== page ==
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Nets turn to Kevin Ollie as they seek to salvage their season

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                                Brooklyn Nets assistant coach Kevin Ollie is shown on Dec. 14.


    Brooklyn Nets assistant coach Kevin Ollie is shown on Dec. 14.

NEW YORK >> Brooklyn Nets general manager Sean Marks hasn’t given up on his team making the playoffs this season, and now Kevin Ollie will be tasked with leading it there.

Ollie was named today as Brooklyn’s interim coach, replacing Jacque Vaughn, who was fired a day earlier.

The Nets are 11th in the Eastern Conference standings, 2 1/2 games behind Atlanta for the final play-in spot with 28 games remaining. Marks said the decision to replace Vaughn with Ollie during the All-Star break was based on “the direction of the team and where it’s potentially trending.”

Marks spoke with reporters for almost 20 minutes prior to the team’s practice tonight, its first under Ollie, who joined the Nets’ staff as an assistant ahead of this season.

“He’s always carried a great voice in there. He’s very direct with the players. He does hold them accountable,” Marks said. “I think what makes a good coach is to be able to put yourself in those players’ shoes, be able to tell great stories and be brutally honest with guys and I think those are attributes that Kevin absolutely has.”

The 51-year-old Ollie played 13 NBA seasons and led UConn to an NCAA title a decade ago. Ollie coached UConn from 2012-18. The Los Angeles native then spent two years (2021-23) as head of coaching and basketball development for Overtime Elite, a developmental league for young players, before joining the Nets.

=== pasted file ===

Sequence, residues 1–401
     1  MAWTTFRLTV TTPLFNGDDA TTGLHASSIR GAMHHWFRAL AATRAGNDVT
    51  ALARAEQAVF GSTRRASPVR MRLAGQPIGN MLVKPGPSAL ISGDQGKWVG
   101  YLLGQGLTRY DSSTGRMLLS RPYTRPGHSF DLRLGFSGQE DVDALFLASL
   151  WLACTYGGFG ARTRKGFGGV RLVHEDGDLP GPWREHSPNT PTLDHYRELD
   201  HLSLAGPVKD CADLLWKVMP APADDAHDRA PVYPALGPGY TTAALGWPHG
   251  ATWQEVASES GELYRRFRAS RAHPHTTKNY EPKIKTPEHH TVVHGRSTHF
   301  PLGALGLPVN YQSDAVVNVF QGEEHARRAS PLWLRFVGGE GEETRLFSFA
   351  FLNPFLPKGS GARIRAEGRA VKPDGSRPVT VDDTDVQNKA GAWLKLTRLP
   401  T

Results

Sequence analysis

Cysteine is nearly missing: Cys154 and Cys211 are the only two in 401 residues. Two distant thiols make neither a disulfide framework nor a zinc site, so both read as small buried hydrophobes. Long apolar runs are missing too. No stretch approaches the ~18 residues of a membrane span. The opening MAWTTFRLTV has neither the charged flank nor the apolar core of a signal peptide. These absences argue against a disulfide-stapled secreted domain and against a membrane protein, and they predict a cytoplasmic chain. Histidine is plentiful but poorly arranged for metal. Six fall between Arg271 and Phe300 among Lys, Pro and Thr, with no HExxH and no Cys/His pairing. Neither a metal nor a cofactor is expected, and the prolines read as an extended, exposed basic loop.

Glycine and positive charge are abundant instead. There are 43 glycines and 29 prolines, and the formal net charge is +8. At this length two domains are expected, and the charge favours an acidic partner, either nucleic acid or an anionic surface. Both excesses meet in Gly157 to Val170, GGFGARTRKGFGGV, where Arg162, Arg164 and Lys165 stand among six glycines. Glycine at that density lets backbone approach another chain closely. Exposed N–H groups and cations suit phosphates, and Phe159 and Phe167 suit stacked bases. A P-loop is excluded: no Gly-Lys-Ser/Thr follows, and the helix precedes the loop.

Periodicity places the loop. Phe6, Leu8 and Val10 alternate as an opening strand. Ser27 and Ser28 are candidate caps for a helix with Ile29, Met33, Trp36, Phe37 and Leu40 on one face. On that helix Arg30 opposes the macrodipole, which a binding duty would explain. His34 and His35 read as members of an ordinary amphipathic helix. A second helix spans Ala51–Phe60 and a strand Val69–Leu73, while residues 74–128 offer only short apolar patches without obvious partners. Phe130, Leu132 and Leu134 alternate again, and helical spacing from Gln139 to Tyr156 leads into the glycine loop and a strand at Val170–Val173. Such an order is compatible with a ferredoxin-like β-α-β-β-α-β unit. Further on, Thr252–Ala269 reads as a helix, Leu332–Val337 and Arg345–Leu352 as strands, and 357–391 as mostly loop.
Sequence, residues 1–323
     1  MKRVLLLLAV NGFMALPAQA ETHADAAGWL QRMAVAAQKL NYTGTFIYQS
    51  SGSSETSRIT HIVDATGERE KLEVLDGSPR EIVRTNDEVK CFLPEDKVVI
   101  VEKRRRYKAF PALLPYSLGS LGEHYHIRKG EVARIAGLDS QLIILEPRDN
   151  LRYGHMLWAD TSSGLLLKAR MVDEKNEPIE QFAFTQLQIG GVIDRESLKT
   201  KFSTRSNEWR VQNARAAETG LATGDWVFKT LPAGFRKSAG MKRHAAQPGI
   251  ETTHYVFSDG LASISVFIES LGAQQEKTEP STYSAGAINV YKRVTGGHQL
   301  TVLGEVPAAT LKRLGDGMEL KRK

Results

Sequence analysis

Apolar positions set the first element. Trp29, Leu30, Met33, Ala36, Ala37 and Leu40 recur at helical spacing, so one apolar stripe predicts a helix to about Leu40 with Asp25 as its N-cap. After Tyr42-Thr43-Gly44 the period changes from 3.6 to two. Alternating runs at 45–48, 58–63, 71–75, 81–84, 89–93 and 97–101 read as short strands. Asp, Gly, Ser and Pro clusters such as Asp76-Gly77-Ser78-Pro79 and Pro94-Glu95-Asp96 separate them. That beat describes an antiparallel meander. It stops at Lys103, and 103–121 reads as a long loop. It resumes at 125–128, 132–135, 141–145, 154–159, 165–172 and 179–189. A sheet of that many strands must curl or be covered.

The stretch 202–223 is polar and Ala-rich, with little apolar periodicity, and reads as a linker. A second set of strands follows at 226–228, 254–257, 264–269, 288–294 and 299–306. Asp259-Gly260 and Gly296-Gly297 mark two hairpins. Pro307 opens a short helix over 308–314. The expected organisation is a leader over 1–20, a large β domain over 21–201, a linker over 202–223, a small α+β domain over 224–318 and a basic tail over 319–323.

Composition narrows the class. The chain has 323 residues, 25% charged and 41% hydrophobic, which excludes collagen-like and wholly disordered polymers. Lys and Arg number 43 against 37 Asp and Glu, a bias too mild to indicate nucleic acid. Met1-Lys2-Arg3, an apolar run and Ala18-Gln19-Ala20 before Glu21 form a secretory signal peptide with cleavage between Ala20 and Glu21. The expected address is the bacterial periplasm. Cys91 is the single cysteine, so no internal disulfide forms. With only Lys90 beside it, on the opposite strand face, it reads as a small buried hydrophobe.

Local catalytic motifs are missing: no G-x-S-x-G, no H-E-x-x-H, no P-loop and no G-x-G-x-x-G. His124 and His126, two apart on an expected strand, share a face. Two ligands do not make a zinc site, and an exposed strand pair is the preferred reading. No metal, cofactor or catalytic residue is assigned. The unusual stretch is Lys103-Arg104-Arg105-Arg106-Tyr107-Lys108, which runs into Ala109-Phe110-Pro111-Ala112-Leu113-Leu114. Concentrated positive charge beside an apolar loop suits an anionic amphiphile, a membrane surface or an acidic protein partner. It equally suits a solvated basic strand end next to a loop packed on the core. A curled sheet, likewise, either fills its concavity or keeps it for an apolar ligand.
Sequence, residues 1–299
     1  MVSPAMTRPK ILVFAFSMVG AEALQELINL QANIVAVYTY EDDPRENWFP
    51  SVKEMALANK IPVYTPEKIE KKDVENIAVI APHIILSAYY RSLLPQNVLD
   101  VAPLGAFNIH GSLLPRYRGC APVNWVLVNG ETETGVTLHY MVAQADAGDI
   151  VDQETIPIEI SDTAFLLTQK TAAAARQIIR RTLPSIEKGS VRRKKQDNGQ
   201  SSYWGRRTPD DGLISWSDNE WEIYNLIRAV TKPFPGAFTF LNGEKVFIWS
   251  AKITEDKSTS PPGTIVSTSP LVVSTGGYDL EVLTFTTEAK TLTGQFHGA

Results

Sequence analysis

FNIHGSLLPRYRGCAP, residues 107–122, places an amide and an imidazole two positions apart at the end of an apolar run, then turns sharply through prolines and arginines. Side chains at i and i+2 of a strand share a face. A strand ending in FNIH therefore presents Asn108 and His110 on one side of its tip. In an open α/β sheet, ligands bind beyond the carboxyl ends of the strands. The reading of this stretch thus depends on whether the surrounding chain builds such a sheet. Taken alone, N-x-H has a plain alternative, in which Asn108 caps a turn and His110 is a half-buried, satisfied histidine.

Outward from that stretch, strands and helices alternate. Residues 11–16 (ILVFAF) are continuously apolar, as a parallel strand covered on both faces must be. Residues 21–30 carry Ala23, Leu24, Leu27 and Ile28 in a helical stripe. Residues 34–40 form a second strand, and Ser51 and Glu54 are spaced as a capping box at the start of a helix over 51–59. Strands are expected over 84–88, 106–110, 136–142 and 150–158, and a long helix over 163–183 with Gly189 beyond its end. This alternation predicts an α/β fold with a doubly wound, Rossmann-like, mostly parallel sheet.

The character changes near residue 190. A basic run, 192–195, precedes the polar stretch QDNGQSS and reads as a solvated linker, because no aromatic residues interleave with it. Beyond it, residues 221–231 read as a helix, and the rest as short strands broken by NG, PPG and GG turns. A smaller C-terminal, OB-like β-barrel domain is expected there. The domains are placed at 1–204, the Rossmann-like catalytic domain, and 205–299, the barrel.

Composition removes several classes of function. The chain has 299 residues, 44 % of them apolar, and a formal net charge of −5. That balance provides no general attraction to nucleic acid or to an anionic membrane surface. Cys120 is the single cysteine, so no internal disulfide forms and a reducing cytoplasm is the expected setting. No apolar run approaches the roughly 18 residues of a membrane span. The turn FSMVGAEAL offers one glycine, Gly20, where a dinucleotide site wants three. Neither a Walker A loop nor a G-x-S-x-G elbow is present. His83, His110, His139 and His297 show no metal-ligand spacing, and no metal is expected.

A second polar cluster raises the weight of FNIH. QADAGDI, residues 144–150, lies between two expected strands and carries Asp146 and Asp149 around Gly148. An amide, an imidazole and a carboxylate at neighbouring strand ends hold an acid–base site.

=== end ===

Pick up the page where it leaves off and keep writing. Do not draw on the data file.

“I played 15 years professionally, 13 years in this league,” Ollie said. “Never once did (a) coach call a play for me. I had to get it with grit, I had to get it with determination, I had to get it with a mindset that we’re gonna get better each and every day. That’s how I coach, that’s what I’m going to demand. I want them to demand that from me, and that’s from day one. We can’t be 30th in loose balls, we can’t have five charges on the season. We can’t have those things. That’s losing basketball with me.”

Vaughn went 71-68 in two stints with the Nets, including a brief stretch as interim coach at the end of the 2009-10 season, and led Brooklyn to the playoffs twice. He was seen as a stabilizing force after replacing Steve Nash seven games into last season.

This season, the Nets are 21-33 and have dropped five of six, including a 50-point loss to Boston in their last game before the All-Star break.

Marks was asked whether that ugly defeat factored into his decision.

“I think that’s one thing,” Marks said. “When you get to a juncture here and you’ve had the last two months, as I’ve said before, we have not had the results that we wanted to have. … This was an opportunity to make a change at this particular juncture. There was no one (thing) you could look back on and say it was then or then or this. You look at it globally.”

When asked whether owner Joe Tsai gave him a mandate to make the playoffs, Marks said no but added, “that is a goal, without a doubt.”

Leading scorer Mikal Bridges said the Nets need to be unified to make up ground in the standings.

“You got to be ready,” Bridges said. “Obviously, it’s tough but you know, (the) main goal is to win. So we (have) to keep going, keep the main goal the main goal. … It’s gonna be tough and all that but the main thing is winning. Do whatever it takes, you know, to win.”

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